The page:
The critters around here think it’s Spring. I have eight (possibly more) bunnies born yesterday, with second doe due on Sunday. This, I will admit, is my doing, since I did enable the affair. They were certainly enthusiastic participants, however! I still have three from the previous litter – one of them I actually sold. This handsome little buck is going to be a pet – and possibly getting a girlfriend later on.
The Snowflake Bobwhite quail have decided to try for a family too. I’m not overly optimistic about success, since Buckbeak (my male) suffered a leg injury as a chick and has never had perfect agility since. I’m not sure he’s able to properly balance on Bellatrix in order to fertilize those eggs. They are so sweet, though.
Buckbeak has taken to sitting on the eggs with her, and when she leaves the nest to stretch and eat, he moves over to keep the eggs warm. I’m keeping my fingers crossed. I’d love to see them manage to hatch out at least a couple of chicks!
I’ve also had two different chickens decide to go broody on me, too – despite me explaining over and over again that we have already had our allotted chicks for the year, and we really can’t have any more.
So they are taking turns in the broody prison. I just released the last one this morning…I hope she’s actually changed her mind about babies and isn’t just going to sneak back onto a nest when I’m not looking.
I FINALLY got the girls’ musical instrument mounted in their coop, right above the oyster shell and grit where I know they can’t miss it.
They are pretending it isn’t there. Not a single hen will touch it. I guess my girls just don’t have dreams of going on America’s Got Talent or the Kimmy Kimmel Show.
The guinea pigs have moved out into the large outdoor coop, and are loving all the space.
Of course, their favorite activity is still coming up the wire to beg for treats. Both are especially fond of cherry tomatoes.
It’s been too smoky from all the wildfires to do much work outside, so I’ve been doing lots of cooking and baking. You know how you tend to pin things on Pinterest but never actually do them? Well, I’m making a point of making the recipes I’ve pinned, and most of them are turning out! A pretty good percentage are actually keepers, and I’ve transferred them over to a new board “Recipes I’ve Made and Liked”. Just yesterday, I made the Bacon-Wrapped Cornish Hens, and they were fantastic…and super easy. Besides the Cornish hens, I also made two apple pies with apples from my backyard tree (these apples make the most extraordinary pies…but I didn’t plant the tree, and have no idea what variety it is). One pie to bake immediately,
and one to freeze for later.
As you see in the background, I saved all the cores and peels to make three gallons of apple scrap vinegar. It’s so easy, and tastes just like store-bought apple cider vinegar. I use it for everything but canning. (Canning requires at least 5% acidity for safety, and I haven’t tested the acidity of mine.) Some apple scrap vinegar recipes tell you to start with yeast, or add sugar, or do all sorts of extra things. I do nothing but throw my apple scraps in a jar and add filtered water. Put some 90 grade cheesecloth over the top to keep out the fruit flies, and stir it vigorously at least a couple of time per day. You’ll notice it starts to bubble, and smell like hooch. Once the bubbles stop, and the apple scraps sink to the bottom after a few weeks, strain the scraps out, replace the cheesecloth and store the jars in a cool, dim place for up to six months. You’ll know it’s done when it smells and tastes like vinegar, and then you can bottle it up and use it like you would apple cider vinegar. When you make future batches, add a little of the dregs from your previous batch to kick-start the process.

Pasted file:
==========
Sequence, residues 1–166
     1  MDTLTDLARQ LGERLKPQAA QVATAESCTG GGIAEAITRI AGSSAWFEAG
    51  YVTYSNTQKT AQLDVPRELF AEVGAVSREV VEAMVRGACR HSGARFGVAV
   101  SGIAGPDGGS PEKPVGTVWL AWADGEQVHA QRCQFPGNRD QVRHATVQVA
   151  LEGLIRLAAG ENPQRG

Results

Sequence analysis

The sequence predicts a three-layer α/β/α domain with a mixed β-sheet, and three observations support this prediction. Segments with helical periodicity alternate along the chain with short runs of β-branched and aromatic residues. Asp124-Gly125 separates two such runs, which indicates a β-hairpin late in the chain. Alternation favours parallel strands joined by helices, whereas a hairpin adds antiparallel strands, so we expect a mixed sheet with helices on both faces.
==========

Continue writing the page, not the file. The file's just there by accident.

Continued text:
In the same day, I also made Lemon Poppyseed Yellow Summer Squash Bread – you’ll find the recipe in my pinterest recipe link above. It’s a super way to use up those overgrown yellow summer squash, and you’d never know it has squash in it! I recommend cutting down the sugar by at least half a cup, though. Most comments on the recipe say it’s too sweet as-is, and I’m glad I followed their suggestion.
Dexter was glued to my side during all this baking frenzy, and boy was he ever exhausted by the end of it!
It is hard work cleaning up all the scraps that accidently (and on purpose) fall to the floor. He didn’t even wake up during his close up.
Is someone talking about me? Are there more treats?
Finally, Amazon sent Bundy another cat bed in the mail, and this one, sadly, was slightly undersized.
He did his best to make it work, though!
Vinegar sounds interesting. I have never done it because it is so cheap in stores. We use the scraps, peels and cores for pectin extract, but there are so many apples that vinegar would be worth a try. I do like cheap white vinegar for some of the pickles, but apple vinegar gets used for everything else.
Vinegar is cheap here too, but it’s so fun and easy to make that I always use up my scraps that way!
There are so many bad apples that just rot on the ground out in the abandoned orchard that we could do vinegar with whole apples! I hate to waste, but it is not possible to process them all.